This is the hardest part of giving good feedback, but it’s also the most important. People are natural storytellers, which can make it difficult to pull an objective observation out of what you have witnessed or experienced

How to do it:  Start your annotation off by identifying what you have selected. Is it a graph that may be labeled incorrectly? Or perhaps a particularly well-crafted paragraph? After you have identified what you’re looking at, explain your thoughts. Be as specific as possible. If something is unclear to you, don’t be afraid to ask a question and begin a dialogue about the topic.

3. Turn Toward the Future

When you’re giving constructive criticism, it’s important to frame your feedback as an opportunity for improvement, which naturally turns your comments towards what could be done in the future. However, concluding your feedback with a nod towards the future is a great practice for other types of feedback as well.

How to do it: What kind of change do you want your feedback to produce? Whether you think your suggest could improve the project in this particular instance, feel that you have stumbled upon a way of improving your team’s overall process moving forward, or simply want to reinforce something you saw and like, find a way to clearly (and kindly) state what you think the outcome of your feedback should be.

a man looking frustrated in front of his laptop

If you are providing annotations, chances are that you’re receiving them as well. What should you do when the feedback starts coming in?

What to Do with Annotations on Your Own Work

Just like there’s an art to creating good feedback, there’s an art to receiving and responding to feedback. It’s not always easy to evaluate the quality of the feedback you’ve been given, especially if somebody has challenged or critiqued your work.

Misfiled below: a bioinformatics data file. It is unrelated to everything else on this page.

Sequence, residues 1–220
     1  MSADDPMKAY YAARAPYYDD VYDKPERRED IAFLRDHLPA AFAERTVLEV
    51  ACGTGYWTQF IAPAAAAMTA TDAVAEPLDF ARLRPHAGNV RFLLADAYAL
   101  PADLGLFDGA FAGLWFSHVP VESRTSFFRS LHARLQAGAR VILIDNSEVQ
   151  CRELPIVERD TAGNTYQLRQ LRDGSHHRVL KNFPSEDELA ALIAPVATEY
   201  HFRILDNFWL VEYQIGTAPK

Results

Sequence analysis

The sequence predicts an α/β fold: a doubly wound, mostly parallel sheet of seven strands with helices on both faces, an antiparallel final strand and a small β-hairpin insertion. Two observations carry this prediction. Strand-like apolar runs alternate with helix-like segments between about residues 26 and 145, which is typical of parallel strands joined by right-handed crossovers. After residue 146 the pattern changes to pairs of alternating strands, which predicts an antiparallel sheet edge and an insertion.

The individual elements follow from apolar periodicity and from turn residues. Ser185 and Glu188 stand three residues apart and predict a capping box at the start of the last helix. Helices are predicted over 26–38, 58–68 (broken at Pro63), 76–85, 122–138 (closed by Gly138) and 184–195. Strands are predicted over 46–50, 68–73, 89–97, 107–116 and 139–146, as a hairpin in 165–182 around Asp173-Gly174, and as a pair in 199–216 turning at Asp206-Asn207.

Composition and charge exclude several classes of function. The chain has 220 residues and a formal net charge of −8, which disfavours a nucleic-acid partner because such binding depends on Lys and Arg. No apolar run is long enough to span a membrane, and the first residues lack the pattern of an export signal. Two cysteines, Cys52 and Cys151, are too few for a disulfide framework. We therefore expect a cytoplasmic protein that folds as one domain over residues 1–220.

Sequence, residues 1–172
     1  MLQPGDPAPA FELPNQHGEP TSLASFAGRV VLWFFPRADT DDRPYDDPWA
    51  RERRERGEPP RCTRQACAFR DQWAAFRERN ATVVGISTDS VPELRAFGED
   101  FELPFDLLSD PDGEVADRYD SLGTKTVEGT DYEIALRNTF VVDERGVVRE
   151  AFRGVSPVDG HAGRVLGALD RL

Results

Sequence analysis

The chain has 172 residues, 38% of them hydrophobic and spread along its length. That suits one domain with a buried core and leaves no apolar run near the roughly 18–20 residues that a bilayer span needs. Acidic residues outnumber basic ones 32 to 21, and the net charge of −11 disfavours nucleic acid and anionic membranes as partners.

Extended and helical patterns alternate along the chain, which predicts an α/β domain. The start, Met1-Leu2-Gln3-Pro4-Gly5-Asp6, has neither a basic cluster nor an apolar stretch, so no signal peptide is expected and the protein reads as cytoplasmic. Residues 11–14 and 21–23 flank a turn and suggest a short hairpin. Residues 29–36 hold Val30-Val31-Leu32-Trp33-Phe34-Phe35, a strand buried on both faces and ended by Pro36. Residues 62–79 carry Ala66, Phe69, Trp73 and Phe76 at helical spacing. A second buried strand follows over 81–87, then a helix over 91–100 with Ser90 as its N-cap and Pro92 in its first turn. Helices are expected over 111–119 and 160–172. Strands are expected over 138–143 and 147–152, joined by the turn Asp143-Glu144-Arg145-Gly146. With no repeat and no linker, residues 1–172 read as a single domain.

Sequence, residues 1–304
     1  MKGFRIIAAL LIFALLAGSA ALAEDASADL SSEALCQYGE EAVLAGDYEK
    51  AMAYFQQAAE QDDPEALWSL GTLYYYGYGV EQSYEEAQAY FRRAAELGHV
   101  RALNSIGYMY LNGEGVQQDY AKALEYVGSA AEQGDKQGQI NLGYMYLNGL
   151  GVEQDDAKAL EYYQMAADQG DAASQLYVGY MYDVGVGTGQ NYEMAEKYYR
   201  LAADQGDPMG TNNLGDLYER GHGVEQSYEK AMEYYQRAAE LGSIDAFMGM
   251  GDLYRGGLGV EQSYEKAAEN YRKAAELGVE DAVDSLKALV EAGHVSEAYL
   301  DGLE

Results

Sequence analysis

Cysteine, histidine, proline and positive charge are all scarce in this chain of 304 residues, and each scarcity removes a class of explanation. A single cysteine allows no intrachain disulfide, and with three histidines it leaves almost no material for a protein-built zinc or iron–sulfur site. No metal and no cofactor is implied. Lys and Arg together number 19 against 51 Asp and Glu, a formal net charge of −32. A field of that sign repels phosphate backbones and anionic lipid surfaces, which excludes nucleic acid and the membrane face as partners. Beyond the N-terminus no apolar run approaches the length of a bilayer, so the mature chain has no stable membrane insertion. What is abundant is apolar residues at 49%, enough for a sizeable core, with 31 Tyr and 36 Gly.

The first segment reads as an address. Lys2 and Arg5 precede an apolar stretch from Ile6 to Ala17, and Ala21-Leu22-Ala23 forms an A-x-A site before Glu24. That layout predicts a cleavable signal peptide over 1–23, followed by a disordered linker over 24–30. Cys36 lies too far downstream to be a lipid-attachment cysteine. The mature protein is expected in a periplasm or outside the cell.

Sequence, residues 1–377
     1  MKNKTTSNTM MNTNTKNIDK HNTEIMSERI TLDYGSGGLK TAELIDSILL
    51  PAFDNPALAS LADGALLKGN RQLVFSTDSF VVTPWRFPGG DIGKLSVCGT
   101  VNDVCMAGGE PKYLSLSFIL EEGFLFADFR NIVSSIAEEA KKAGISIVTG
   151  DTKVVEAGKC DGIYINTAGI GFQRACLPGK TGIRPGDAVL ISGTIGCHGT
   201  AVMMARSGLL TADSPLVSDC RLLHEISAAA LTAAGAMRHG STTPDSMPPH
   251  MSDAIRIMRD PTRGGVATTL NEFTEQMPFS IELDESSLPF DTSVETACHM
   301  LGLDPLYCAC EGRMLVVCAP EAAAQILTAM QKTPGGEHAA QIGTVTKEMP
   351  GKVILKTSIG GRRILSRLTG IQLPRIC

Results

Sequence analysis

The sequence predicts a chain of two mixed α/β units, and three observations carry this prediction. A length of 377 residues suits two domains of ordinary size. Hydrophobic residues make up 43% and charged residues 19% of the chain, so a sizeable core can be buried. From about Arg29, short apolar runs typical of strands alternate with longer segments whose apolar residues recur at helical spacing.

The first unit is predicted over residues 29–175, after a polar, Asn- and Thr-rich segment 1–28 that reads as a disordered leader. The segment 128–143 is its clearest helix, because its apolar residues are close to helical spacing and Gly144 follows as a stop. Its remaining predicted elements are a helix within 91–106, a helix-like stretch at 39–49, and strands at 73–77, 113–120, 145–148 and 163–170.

When reviewing annotations other people have left on your work, remember:

  • Take a deep breath. Feedback– particularly constructive criticism– is an opportunity for you to learn and improve. Try to set aside any emotions you might be feeling regarding the feedback and look at it objectively.
  • Assess the feedback. As we’ve discussed, not all feedback is good, high-quality feedback. Does it seem reasonable? Do you understand the annotator’s perspective?
  • Categorize the feedback. Identify the main idea that the feedback is trying to convey. Consider it against other feedback you have gotten to gain a better understanding of how your work is perceived overall– it will help you pinpoint any positive or negative habits you may have.
  • Respond. If something is unclear, ask the annotator for clarification. If someone has pointed out a strength, thank them– it never hurts to be gracious!

a team with their hands in together

Mastering the art of annotation is a simple way to help your whole team succeed.

Annotating shared documents is an essential part of collaboration. Whether you are creating annotations on someone else’s document or reviewing annotations on your own work, these strategies will help you get the most out of your collaboration.

Do you have any tips for effectively commenting on a document or interpreting feedback? We’d love to hear from you in the comments below!

This is a sponsored post for Dropbox. All opinions are my own. Dropbox is not affiliated with nor endorses any other products or services mentioned.

Melissa Pallotti is a professional writer, computer geek, and hockey fan based in Pittsburgh, PA. You can connect with Melissa on Twitter or LinkedIn.